I Am an Ally

Note: This post is something i did for myself. Sort of a recommitting myself to what I stand for. I’m not trying to brag or throw it in people’s face or look for compliment or thank you’s. It was purely to remind myself of why I do this and what I stand for.

As an ally to people of color:

I commit to stand behind you in solidarity.
I commit to amplifying your voices when the system refuses to listen.
I commit to not being silent and complacent.
I commit to be listen and be silent when it is not my place to speak.
I commit to never tell a person of color how their movement could be “better” or how it should be run.
I commit to the idea that it is not my place to judge people of color and the way they react and feel about the events occurring in our country and our world.
I commit to never undermine a person of color’s experiences as illegitimate or invalid.
I commit to always think about the message I am sending as a white person in this movement.
I commit to not ignore racism and to educate when I can.
I commit to keep myself updated and educated on current issues.
I commit to not tokenize people of color and recognize that I can educate myself through other means.
I commit to checking my white privilege on a regular basis and always being open to new ideas and opinions.
I commit to not be a complacent part of the system and not ride my white privilege through life to make it easier for myself.
I commit to documenting the events I attend and making other white people aware of what is actually occurring in the movement.
I commit to understanding that this list of commitments is never finished and I will update it every time I learn how to be a better ally.

I, Jason Baskette, commit to being an ally to people of color and to always strive to better myself as an ally.

White Privilege While Traveling by Plane

I was thinking earlier today about what I could and couldn’t bring on the plane, seeing as I fly back to my home state in 5 days. An interesting concept came to mind, what kinds of privilege do I hold, as a white person, when it comes to traveling by plane? A lot probably. One incident that came to mind was something that happened to me last year. In the moment, it never even crossed my mind that there was a lot of privilege involved.

I was on the way home from Indiana and had just put my bag in on the security belt. I was in the process of putting on my shoes when a TSA agent came over to me with my back pack. I immediately thought, “Uh oh, did I forget to put my pocket knife in my checked bag?” I found out when I got home that I, indeed, had forgotten to put my pocket knife in my checked bag. However, that was not the reason they had questioned the content of my bag.

They asked me what was in my bag that was shaped like a brick. I paused for a minute and thought about it. Then I realized my step mom had packed blocks of cheese wrapped in aluminum foil in my bag. I immediately said, “Oh yea, my step mom packed me cheese. That’s probably what it is.”

He said, “oh ok,” and put the bag back through the machine.

Now, I was expecting him to take it out on the other end and search it. He never did. I was slightly confused, especially considering the blocks of cheese, wrapped in aluminum foil, in a baggy probably looked a lot like drugs. I shrugged it off and kept going. What I didn’t think of at the time was, what would have happened if I wasn’t white? Lets be honest, they definitely would have searched my entire bag. They would have found my pocket knife. I also would have gotten more than “oh ok,” from the TSA agent.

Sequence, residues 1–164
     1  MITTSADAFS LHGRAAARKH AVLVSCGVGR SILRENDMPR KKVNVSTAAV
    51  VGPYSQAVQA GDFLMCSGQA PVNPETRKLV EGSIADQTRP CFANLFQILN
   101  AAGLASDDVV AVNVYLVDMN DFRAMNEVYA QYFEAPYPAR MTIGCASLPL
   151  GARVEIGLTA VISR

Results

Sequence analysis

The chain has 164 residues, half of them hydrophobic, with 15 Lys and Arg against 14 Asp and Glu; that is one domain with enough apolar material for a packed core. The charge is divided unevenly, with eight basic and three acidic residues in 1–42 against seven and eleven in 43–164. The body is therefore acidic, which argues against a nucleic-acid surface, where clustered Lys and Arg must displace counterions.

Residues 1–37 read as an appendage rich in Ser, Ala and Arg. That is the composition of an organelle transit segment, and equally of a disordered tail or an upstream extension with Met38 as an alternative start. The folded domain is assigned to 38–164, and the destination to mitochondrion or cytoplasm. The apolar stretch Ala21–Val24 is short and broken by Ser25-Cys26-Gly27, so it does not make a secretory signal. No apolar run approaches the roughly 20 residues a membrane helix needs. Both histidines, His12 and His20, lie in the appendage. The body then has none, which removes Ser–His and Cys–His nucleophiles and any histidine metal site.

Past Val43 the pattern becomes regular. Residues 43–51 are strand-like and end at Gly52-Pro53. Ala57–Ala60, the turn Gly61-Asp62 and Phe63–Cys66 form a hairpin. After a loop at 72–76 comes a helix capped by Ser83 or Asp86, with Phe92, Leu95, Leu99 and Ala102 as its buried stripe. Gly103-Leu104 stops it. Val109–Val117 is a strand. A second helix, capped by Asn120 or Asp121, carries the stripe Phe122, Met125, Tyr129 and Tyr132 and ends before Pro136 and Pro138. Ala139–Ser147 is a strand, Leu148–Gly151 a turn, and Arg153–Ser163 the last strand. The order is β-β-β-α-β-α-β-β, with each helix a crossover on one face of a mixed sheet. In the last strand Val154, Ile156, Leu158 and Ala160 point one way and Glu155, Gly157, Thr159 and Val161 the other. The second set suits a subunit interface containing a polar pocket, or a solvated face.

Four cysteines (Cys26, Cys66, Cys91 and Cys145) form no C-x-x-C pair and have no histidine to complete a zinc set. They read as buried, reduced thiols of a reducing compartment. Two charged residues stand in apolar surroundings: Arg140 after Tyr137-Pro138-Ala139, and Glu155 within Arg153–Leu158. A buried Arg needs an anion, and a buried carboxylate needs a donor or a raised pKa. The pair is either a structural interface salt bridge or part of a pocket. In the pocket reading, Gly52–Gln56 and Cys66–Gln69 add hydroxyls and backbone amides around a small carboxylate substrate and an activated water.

Not only did they let me go without searching my bag or confiscating my pocket knife, they didn’t even bat an eye when I said it was only cheese. They didn’t open the cheese to make sure it was in fact cheese. They simply put my bag through again and let me go. That seems absurd to me. That never would have been the case if I had been a person of color. They would have been rude when asking what was in my bag. They definitely would have searched it and confiscated my pocket knife and potentially would have harassed me and made me late for my plane.

So what other privileges do I hold as a white person in an airport? I can only speculate as to what these privileges may be, but I do know I’m very unlikely to be harassed at an airport. I don’t get weird looks or stared at like I don’t belong in an airport or like I’m a threat to people’s lives. I don’t get questioned at the security check point. I don’t get “randomly searched”. I’ve never been late to my plane because of how the TSA reacted to my very existence in an airport. I’ve never had a problem checking in or checking my bags or getting through a security line or even boarding the plane. I’ve never felt uncomfortable because of my race while sitting through a flight and I’ve never been racially profiled in any circumstance let alone while traveling in an airport.

Some of these things are things I had thought were due to the amount of experience I have flying. I’ve been flying since I was a kid and I know my way around pretty much any airport you put me in. However, the ease in traveling that I experience isn’t completely due to the fact that I’ve been flying for over a decade. It is, without a doubt, due to white privilege and people’s assumption that I am not a threat to them in an airport because I am white.

What other privileges do I have as a white person while traveling by plane?

Feminist Friday: Audre Lorde; then a change of heart

I am, therefore I write

I hesitate slightly in posting this particular piece. Not at all because I take issue with it, but because I have to wonder how it might be judged in the face of all that has been said and written about black lives and black experience in the recent weeks and months. I’m not concerned if anyone chooses to critique my thoughts. Feel free. My concern is that by posting this essay/speech by Audre Lorde from 1984, I may be perceived as perpetuating the very thing that she so strongly spoke against with her words.

The reason for pulling Lorde’s words from my archives though is simple in my opinion. Her words, at the time, were applied to the lived experience of black women, specifically the lesbian, black woman. Lorde’s words meant to inform a white feminist community that black feminist lived experience was far different from their own, and as…